. 2015 Sep; 30(9): 2076–2083.
Published online 2015 Jul 22. doi: 10.1093/humrep/dev178
PMCID: PMC4542720
PMID: 26202920

Abstract

STUDY QUESTION

Can a modified specific gravity technique be used to distinguish viable from nonviable embryos?

SUMMARY ANSWER

Preliminary data suggests a modified specific gravity technique can be used to determine embryo viability and potential for future development.

WHAT IS KNOWN ALREADY

Single embryo transfer (SET) is fast becoming the standard of practice. However, there is currently no reliable method to ensure development of the embryo transferred.

STUDY DESIGN, SIZE, DURATION

A preliminary, animal-based in vitro study of specific gravity as a predictor of embryo development using a mouse model.

PARTICIPANTS/MATERIALS, SETTING, METHODS

After a brief study to demonstrate embryo recovery, experiments were conducted to assess the ability of the specific gravity system (SGS) to distinguish between viable and nonviable embryos. In the first study, 1-cell mouse embryos were exposed to the SGS with or without previous exposure to an extreme heat source (60°C); measurements were repeated daily for 5 days. In the second experiment, larger pools of 1-cell embryos were either placed directly in culture or passed through the SGS and then placed in culture and monitored for 4 days.

MAIN RESULTS AND THE ROLE OF CHANCE

In the first experiment, viable embryos demonstrated a predictable pattern of descent time over the first 48 h of development (similar to previous experience with the SGS), while embryos that were heat killed demonstrated significantly altered drop patterns (P < 0.001); first descending faster. In the second experiment, average descent times were different for embryos that stalled early versus those that developed to blastocyst (P < 0.001). Interestingly, more embryos dropped through the SGS developed to blastocyst than the culture control (P < 0.01).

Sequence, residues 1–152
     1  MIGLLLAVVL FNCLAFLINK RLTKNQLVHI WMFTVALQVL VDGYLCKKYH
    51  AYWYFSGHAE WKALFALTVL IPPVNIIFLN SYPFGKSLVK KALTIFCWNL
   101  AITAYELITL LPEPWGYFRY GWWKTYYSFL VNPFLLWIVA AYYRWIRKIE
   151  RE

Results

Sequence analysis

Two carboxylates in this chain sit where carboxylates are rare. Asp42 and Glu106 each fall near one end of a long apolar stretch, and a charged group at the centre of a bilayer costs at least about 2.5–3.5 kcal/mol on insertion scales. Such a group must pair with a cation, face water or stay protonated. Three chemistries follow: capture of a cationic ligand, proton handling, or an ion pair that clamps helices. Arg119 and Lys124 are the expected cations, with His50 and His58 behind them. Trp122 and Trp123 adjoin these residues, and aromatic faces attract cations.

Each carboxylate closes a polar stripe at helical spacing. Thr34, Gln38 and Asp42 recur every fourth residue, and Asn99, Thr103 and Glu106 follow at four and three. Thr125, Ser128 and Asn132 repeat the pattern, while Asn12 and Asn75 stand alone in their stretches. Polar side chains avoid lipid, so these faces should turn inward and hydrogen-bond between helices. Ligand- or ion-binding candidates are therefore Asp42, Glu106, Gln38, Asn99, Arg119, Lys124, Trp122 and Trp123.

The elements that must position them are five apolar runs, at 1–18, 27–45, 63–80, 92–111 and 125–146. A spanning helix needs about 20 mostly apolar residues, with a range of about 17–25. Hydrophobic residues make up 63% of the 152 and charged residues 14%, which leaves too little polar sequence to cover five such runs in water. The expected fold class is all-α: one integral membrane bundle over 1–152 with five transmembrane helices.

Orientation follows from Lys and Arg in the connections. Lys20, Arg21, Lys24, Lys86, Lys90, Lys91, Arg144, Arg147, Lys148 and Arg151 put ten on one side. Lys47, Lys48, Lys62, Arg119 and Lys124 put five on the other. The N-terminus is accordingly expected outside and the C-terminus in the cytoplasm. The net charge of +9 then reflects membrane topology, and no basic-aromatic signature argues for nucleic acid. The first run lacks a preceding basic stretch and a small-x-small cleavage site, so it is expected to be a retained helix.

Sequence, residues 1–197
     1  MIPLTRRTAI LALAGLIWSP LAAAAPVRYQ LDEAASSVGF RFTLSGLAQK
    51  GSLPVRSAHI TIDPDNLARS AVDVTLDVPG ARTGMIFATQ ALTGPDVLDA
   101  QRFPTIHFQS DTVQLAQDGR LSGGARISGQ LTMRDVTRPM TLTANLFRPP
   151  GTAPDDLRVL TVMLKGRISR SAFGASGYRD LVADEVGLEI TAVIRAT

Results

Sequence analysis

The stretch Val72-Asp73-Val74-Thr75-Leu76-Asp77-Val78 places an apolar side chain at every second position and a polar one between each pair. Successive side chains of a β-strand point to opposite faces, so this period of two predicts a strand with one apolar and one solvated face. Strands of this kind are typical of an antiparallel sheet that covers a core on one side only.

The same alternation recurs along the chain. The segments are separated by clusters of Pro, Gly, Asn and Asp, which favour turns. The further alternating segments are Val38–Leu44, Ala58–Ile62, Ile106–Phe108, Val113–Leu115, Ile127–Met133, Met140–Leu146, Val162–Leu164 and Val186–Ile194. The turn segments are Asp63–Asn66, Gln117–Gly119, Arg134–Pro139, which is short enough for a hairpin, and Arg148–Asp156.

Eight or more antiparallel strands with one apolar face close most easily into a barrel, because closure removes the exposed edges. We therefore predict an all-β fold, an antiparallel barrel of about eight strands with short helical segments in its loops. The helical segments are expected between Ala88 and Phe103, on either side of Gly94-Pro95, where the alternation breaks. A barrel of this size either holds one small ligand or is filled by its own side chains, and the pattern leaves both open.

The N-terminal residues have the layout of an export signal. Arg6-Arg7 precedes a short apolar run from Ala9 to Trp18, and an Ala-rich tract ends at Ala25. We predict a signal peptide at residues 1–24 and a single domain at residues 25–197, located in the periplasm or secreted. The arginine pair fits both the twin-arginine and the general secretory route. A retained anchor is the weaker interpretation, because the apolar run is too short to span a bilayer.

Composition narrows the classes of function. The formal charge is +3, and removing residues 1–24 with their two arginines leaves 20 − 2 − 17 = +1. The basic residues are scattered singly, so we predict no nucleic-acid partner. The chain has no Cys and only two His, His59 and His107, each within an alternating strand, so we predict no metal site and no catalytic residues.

LIMITATIONS, REASONS FOR CAUTION

As this is a preliminary report of the SGS technology determining viability, a larger embryo population will be needed. Further, the current in vitro study will need to be followed by fecundity studies prior to application to a human population.

WIDER IMPLICATIONS OF THE FINDINGS

If proven, the SGS would provide a noninvasive means of assessing embryos prior to transfer after assisted reproductive technologies procedures, thereby improving fecundity and allowing more reliable SET.

STUDY FUNDING/COMPETING INTEREST(S)

The authors gratefully acknowledge the funding support of the U.S. Jersey Association, the Laura W. Bush Institute for Women’s Health and a Howard Hughes Medical Institute grant through the Undergraduate Science Education Program to Texas Tech University. None of the authors have any conflict of interest regarding this work.

TRIAL REGISTRATION NUMBER

none.

Keywords: embryo development, embryo selection, embryo viability, specific gravity, buoyance, noninvasive, zygote, blastocyst

Legality of Compounded Estradiol for Embryo Transfer

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Published on: July 25, 2019

The AABP office has received questions from members regarding the legality of using compounded estradiol products in cattle for embryo transfer protocols. AABP has also been in discussion with the FDA about the use of compounded estradiol products in food animals. Compounding from approved drugs in animals is only permitted under the narrowly defined conditions outlined in AMDUCA (Section 21 CFR 530.13). To be permitted, extralabel use from compounding of approved animal drugs or approved human drugs must be in compliance with all relevant provisions of 21 CFR 530 (AMDUCA), including the provisions limiting extralabel use to treatment modalities when the health of an animal is threatened or suffering or death may result from failure to treat. The extralabel use regulation also does not provide for compounding from active pharmaceutical ingredients (APIs or bulk drugs—i.e., the raw chemical) for use in animals. Therefore, it is illegal for veterinarians to use or prescribe compounded estradiol for cattle, or any form of estrogenic compounds for production purposes, including embryo transfer and synchronization protocols. AABP encourages cattle veterinarians to refrain from administering or prescribing compounded estradiol for the following reasons:

  • AMDUCA only allows for extralabel drug use when the health of an animal is threatened. There is no production allowance, particularly for compounding; therefore one cannot use human-approved drugs (e.g., ECP, Pfizer) or a different form of an animal-approved drug (e.g., growth-promoting implants) for production purposes.